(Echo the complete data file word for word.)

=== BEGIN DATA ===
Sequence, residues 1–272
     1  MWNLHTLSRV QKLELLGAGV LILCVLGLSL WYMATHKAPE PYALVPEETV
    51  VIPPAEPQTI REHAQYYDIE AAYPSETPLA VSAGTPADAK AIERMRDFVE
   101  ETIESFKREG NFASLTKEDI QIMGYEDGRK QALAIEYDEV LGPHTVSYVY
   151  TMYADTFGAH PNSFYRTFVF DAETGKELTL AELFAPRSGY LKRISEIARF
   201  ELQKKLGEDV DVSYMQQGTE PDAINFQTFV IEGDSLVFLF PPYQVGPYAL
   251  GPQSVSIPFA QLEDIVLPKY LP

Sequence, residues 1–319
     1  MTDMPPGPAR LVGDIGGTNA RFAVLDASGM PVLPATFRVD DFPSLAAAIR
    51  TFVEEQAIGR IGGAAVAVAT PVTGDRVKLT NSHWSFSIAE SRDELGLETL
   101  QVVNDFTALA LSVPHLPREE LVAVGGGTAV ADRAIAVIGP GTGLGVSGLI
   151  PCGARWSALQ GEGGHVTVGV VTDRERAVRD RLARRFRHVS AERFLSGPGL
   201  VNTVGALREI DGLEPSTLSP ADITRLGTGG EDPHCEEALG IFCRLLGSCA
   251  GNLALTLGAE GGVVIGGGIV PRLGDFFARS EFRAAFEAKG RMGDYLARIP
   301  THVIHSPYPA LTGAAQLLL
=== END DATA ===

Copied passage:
Sequence, residues 1–272
     1  MWNLHTLSRV QKLELLGAGV LILCVLGLSL WYMATHKAPE PYALVPEETV
    51  VIPPAEPQTI REHAQYYDIE AAYPSETPLA VSAGTPADAK AIERMRDFVE
   101  ETIESFKREG NFASLTKEDI QIMGYEDGRK QALAIEYDEV LGPHTVSYVY
   151  TMYADTFGAH PNSFYRTFVF DAETGKELTL AELFAPRSGY LKRISEIARF
   201  ELQKKLGEDV DVSYMQQGTE PDAINFQTFV IEGDSLVFLF PPYQVGPYAL
   251  GPQSVSIPFA QLEDIVLPKY LP

Sequence, residues 1–319
     1  MTDMPPGPAR LVGDIGGTNA RFAVLDASGM PVLPATFRVD DFPSLAAAIR
    51  TFVEEQAIGR IGGAAVAVAT PVTGDRVKLT NSHWSFSIAE SRDELGLETL
   101  QVVNDFTALA LSVPHLPREE LVAVGGGTAV ADRAIAVIGP GTGLGVSGLI
   151  PCGARWSALQ GEGGHVTVGV VTDRERAVRD RLARRFRHVS AERFLSGPGL
   201  VNTVGALREI DGLEPSTLSP ADITRLGTGG EDPHCEEALG IFCRLLGSCA
   251  GNLALTLGAE GGVVIGGGIV PRLGDFFARS EFRAAFEAKG RMGDYLARIP
   301  THVIHSPYPA LTGAAQLLL